strings people along as long as she can and milks them for as much money as possible. To her credit, her best selling book was about Bill Clinton and his plan for a better America, a book of blank pages (which closely commensurates with the promises she keeps with contracted authors). Her attempts to placate are amateurish and childlike at best. When no longer able to appease, she releases clients from their contracts (most of them) but they never see their money, because ‘the artists quit’ or other ‘problems’ beyond her control.
DITTO. “I entered into a publication contract with Press-Tige in August, 1999,” recalls Charley Scholl in a message aired on Writers Weekly.
Contract stated that my book, Dustin's Debut, was to be published in 6-9 months, with a 3 month clause for unforeseen circumstances. I was sent one copy of an unsigned, undated, contract. It was to be signed, dated, and returned within a specified time period with a cashier's check for $3950.00, the author's share of publication costs. I fulfilled my end of the contract, however, it took several e-mails from me from August through October before I actually received a copy of the completely signed and dated by both parties contract. I finally received that after sending an e-mail telling Press-Tige that I had, in fact, made a copy of the signed contract before sending it. Believe it or not, Press-Tige sent me the original contract and asked me to make a copy of it and send it back, she claimed her copy machine was down. Press-Tige asked for an initial disk copy, cover blurb, author photo, and other promo stuff in October, which I promptly sent. Nothing happened after that…
REJOINDER. Countering such moaning was another message received early in 2002 by Writers Weekly. It came from Jack Powell and voiced warm praise for Martha Ivery. After posting it, however, editor Angela Hoy noticed that the testimonial had come from Martha’s own word processor. She deleted the message, posting an explanation. Martha reacted with a touch of asperity:
For your information, Mother F----, Jack Powell was staying at my home as he visited Howard Stern in NYC last week. Assh---. You're not to [sic.] smart when it comes to anything, are you? especially people in general. Why don't you go back to the country you came from? No one in this country likes Japs and that is what you are, a stinkin, f------ Jap. Ms. Hoy. what kind of a name is that? if I had a name like yours, I'd shave my ass and walk backwards.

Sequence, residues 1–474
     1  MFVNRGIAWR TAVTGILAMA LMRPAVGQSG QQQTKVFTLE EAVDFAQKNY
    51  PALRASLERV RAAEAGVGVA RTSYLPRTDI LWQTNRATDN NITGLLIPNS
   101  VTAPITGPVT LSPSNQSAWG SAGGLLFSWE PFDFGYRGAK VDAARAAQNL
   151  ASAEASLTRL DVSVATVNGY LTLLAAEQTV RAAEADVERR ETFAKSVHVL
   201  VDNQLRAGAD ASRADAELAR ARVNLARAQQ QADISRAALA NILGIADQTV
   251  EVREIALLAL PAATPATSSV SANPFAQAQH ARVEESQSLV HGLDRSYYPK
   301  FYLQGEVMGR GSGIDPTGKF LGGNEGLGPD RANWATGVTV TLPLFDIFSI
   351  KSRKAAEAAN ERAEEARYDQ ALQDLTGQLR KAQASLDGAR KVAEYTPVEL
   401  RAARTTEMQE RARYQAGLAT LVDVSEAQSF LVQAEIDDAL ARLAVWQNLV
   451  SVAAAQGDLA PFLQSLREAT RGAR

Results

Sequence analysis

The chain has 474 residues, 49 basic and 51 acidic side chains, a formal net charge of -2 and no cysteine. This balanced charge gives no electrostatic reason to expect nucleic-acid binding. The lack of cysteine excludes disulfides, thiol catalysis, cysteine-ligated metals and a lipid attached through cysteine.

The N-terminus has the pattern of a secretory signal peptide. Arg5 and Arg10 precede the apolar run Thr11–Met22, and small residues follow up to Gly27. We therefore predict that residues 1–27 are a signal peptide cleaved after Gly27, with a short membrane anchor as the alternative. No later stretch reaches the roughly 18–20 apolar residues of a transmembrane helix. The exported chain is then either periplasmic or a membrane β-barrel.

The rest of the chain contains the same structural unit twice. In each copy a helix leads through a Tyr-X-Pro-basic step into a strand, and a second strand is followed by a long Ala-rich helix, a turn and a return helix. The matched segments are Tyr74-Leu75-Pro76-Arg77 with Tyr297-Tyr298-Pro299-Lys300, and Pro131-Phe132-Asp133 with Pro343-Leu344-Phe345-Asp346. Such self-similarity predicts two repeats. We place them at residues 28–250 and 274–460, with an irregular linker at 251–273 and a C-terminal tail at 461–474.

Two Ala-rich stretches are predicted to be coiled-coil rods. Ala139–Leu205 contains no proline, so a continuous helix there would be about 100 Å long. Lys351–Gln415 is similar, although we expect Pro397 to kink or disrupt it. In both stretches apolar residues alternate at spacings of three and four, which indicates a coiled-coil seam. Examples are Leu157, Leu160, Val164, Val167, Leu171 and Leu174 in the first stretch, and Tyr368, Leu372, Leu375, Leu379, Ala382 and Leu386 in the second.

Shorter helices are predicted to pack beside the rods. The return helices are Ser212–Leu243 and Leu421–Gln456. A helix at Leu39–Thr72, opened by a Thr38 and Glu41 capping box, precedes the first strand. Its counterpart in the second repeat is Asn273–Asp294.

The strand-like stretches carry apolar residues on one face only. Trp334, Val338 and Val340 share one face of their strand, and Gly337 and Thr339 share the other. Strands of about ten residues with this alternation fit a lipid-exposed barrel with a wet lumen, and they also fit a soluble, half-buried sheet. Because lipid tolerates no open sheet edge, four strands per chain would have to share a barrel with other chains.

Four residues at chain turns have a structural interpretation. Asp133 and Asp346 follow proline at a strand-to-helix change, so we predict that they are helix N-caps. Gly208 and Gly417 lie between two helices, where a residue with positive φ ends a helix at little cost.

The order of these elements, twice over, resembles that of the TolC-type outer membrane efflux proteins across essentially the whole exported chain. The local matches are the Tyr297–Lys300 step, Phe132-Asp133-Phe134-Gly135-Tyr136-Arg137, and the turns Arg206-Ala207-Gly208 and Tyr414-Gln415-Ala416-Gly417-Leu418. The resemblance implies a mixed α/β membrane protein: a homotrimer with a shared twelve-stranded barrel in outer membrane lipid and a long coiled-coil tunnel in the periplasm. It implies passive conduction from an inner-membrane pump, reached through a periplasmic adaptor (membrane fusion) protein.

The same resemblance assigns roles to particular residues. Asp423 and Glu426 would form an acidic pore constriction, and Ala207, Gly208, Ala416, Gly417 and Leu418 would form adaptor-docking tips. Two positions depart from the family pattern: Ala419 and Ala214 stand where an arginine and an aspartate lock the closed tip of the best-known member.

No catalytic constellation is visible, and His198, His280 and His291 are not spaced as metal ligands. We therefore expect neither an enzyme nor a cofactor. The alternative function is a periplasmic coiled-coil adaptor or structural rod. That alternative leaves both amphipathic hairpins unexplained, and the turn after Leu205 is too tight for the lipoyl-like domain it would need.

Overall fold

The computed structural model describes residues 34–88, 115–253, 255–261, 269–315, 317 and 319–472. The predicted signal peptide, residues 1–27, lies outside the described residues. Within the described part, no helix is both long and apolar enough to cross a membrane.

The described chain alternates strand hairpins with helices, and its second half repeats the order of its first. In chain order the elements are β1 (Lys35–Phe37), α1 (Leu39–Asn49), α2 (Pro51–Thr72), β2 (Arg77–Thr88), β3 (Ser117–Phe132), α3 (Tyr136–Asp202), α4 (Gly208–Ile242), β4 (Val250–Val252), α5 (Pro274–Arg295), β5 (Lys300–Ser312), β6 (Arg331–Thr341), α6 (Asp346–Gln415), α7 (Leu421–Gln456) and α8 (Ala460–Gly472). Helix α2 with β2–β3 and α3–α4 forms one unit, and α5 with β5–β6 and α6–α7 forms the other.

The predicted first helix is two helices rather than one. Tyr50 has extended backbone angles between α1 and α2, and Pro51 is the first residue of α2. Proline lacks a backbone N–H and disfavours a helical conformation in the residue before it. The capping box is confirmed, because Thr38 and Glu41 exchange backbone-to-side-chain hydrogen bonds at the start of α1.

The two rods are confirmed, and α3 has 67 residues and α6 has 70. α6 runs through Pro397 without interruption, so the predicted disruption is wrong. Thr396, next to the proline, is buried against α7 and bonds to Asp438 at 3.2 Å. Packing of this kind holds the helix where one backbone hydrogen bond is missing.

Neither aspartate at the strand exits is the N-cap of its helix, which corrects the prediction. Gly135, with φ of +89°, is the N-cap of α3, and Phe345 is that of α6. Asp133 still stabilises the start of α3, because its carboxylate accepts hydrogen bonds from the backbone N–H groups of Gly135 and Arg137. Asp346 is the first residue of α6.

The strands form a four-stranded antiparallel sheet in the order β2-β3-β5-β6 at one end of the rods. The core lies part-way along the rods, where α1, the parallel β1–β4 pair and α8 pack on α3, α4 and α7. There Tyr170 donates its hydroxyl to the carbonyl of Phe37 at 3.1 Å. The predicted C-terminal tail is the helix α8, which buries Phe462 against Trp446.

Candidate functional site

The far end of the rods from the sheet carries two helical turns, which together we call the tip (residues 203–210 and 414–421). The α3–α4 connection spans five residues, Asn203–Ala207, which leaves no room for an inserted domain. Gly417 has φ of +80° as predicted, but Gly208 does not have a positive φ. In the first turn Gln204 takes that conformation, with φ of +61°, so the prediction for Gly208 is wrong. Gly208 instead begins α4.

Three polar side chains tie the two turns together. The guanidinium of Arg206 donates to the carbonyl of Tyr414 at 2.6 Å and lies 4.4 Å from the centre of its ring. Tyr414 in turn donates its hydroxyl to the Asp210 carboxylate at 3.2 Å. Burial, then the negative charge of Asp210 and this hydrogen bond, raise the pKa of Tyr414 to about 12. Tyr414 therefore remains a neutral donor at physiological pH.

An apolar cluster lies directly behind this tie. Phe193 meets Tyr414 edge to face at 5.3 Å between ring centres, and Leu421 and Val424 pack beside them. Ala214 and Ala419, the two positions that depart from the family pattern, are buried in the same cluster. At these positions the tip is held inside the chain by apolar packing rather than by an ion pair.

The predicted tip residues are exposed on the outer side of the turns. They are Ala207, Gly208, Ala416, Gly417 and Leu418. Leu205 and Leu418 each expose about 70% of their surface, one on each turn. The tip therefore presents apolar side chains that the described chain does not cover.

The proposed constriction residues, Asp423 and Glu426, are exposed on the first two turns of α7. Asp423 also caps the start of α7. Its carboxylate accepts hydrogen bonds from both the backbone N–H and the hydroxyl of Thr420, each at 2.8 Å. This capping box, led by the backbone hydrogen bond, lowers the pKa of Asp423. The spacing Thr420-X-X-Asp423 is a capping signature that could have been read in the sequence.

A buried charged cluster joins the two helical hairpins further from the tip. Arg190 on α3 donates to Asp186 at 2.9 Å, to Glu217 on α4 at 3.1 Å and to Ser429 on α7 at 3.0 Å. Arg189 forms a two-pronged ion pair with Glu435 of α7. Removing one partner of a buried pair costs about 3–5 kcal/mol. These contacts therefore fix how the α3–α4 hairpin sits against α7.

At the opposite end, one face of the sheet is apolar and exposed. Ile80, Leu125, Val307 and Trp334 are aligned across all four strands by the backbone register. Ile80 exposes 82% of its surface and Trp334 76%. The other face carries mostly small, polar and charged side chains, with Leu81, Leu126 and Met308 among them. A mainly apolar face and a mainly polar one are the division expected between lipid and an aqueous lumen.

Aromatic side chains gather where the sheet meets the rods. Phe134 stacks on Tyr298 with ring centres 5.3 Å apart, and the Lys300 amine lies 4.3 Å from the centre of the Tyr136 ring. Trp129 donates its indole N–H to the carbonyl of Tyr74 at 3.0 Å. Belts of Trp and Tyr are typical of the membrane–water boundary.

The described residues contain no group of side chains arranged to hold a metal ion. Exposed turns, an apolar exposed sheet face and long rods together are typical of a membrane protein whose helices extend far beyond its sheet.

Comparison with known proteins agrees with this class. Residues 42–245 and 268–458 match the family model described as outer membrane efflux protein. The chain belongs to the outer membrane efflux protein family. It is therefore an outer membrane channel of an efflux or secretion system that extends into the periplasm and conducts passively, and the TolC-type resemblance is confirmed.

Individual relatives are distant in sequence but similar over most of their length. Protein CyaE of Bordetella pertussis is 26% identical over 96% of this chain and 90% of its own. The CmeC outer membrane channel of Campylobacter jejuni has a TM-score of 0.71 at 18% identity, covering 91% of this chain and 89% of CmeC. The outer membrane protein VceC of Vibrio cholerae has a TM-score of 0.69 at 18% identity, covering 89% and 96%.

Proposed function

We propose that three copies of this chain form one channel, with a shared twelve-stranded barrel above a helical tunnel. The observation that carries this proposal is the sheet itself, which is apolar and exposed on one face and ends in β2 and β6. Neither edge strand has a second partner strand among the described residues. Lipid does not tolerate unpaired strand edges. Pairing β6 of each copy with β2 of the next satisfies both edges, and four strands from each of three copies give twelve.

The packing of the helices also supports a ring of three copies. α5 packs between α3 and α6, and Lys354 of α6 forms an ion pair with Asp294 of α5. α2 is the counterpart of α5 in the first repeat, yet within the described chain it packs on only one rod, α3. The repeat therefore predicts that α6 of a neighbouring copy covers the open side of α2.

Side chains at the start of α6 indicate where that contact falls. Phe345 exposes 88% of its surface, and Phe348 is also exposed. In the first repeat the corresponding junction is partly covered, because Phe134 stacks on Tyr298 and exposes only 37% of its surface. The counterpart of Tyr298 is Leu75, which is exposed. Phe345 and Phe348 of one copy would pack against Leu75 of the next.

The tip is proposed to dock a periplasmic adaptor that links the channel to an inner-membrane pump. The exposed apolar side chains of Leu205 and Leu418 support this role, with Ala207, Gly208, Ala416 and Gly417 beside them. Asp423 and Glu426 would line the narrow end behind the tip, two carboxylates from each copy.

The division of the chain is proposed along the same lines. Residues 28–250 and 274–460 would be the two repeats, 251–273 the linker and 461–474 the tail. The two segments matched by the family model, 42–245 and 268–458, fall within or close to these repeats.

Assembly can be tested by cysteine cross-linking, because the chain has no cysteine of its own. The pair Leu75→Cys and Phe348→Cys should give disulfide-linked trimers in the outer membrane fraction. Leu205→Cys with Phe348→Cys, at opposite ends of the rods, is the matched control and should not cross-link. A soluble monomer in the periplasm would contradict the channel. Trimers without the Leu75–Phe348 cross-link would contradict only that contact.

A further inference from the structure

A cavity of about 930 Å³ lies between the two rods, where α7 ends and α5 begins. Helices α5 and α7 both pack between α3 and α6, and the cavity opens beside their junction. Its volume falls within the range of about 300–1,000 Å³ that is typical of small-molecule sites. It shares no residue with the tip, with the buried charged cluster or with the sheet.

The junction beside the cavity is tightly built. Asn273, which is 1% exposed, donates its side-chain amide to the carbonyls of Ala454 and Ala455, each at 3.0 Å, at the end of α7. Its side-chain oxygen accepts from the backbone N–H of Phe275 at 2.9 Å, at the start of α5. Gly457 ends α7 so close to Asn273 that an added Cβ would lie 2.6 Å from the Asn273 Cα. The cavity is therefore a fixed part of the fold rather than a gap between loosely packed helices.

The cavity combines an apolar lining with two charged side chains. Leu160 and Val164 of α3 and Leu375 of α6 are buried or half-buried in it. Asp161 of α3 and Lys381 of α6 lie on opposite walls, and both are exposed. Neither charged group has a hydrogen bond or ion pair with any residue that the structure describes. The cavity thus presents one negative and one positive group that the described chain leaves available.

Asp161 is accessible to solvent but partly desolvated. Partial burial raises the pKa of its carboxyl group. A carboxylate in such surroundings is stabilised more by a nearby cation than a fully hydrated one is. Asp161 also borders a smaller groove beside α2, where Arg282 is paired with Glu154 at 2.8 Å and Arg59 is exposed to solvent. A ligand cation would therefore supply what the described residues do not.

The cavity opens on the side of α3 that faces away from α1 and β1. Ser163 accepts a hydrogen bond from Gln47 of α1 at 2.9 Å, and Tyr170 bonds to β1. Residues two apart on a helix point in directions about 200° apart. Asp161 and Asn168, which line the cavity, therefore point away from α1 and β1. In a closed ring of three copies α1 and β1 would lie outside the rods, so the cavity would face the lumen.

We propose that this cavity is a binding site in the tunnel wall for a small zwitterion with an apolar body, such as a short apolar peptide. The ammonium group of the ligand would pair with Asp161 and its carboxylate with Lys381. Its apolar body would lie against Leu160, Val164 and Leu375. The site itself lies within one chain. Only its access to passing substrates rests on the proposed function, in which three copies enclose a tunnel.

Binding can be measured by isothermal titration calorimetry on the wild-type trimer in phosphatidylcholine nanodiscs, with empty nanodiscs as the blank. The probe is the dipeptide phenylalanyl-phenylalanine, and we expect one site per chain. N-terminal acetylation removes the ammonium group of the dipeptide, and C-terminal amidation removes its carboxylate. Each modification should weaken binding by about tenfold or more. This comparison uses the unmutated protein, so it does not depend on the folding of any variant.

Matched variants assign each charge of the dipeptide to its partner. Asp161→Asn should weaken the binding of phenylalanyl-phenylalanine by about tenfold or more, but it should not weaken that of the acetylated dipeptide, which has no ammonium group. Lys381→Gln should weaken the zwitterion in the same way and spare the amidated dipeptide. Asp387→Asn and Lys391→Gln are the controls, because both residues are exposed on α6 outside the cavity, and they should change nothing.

Martha followed that message with another in the same vein:
Ms. Hoy, or whatever the helx you call yourself. I hate Japs, let it be known to the world. Your grandfather probably was the one that bombed the American sailors as they were on their ships. That's why I can't stand you. You come to this country and think you can get everything for free, you are a terrorist. Scumbag. Put that in your mouth and suck on it. Assh..
(Angela Hoy is, as it happens, a WASP).
FICTIVE MARTHA. Before disclaiming interest in works of fiction (in favor of “How-to, New Age, Self-Help, Spirituality, Witchcraft/Wicca”), Martha ostensibly put out (“available in 1998”) Lilac and Lace, whose protagonist, according to the publisher’s clumsy blurb, is stirred with “inner feelings of love lost buried in her hurt spirit. Could she resist the temptation which aroused within her?” The story, prospective readers were assured, is told “with grace, authority and compassion” By whom? No author was identified.
MARTHA ON MARTHA. Among titles for which Martha takes credit as author and publisher are two in a series aimed at children. The first, Pickles and Peanuts, is touted falsely in the publisher’s blurb as “non-fiction” and, sub-literately, as “an exciting adventure for one little girl, and the discovery of events that take place on a horse farm, and how to take care of your horse or pony.” The sequel, Pickles and Peanuts Meet Sandpiper the Wonder Horse, is said by publisher Martha to be “written from first hand experience who are a third party to an emotional conflict.”
MENTAL MARTHA. “At one time or another, almost everybody has had a premonition come true. What if there was a way to harness this sixth sense and use it to fundamentally improve one's life?” Those promising words (1999) invite attention to a 222-page guidebook called What's Your Psychic I.Q? How to listen to your inner voice and let it guide you to a better life. The putative guide is Martha herself, who, says publisher Martha, “shows readers how to evaluate and enhance their intuitive ability through a series of creative exercises. She shows that psychic ability is a natural and beneficial component of everyone's personality--and when explored, it can open the door to knowledge that is hidden to the other five senses.” Copies are listed for sale on Amazon (new, $14; used, $34!) and on Barnes & Noble (current sales ranking: 604,706). What is more, a Portuguese translation seems to have materialized. Meantime, What’s Your Psychic I.Q.? has the distinction of being the only Ivery-authored book that is catalogued in Catskill’s public library. The listed copy, however, was checked out in January 2004 and not returned.
TALK AROUND TOWN. Since Martha has been a GreeneLand personage of long standing, Seeing Greene trolled for comments following the news of her indictment. Some excerpts: “How come it took them”—the investigators—“so long?” “We blacklisted her after getting calls and complaints….” “She took a one-year lease on a storefront for a news agency, and was in and out in a few weeks.” “What about the bigamy rumor?” “Which Ivery did she marry?” “She was a wonderful inventor of schemes that would bring untold wealth.” “What about her ‘
Posted by Dick May to SeeingGreene at 6/17/2005 08:11:00 AM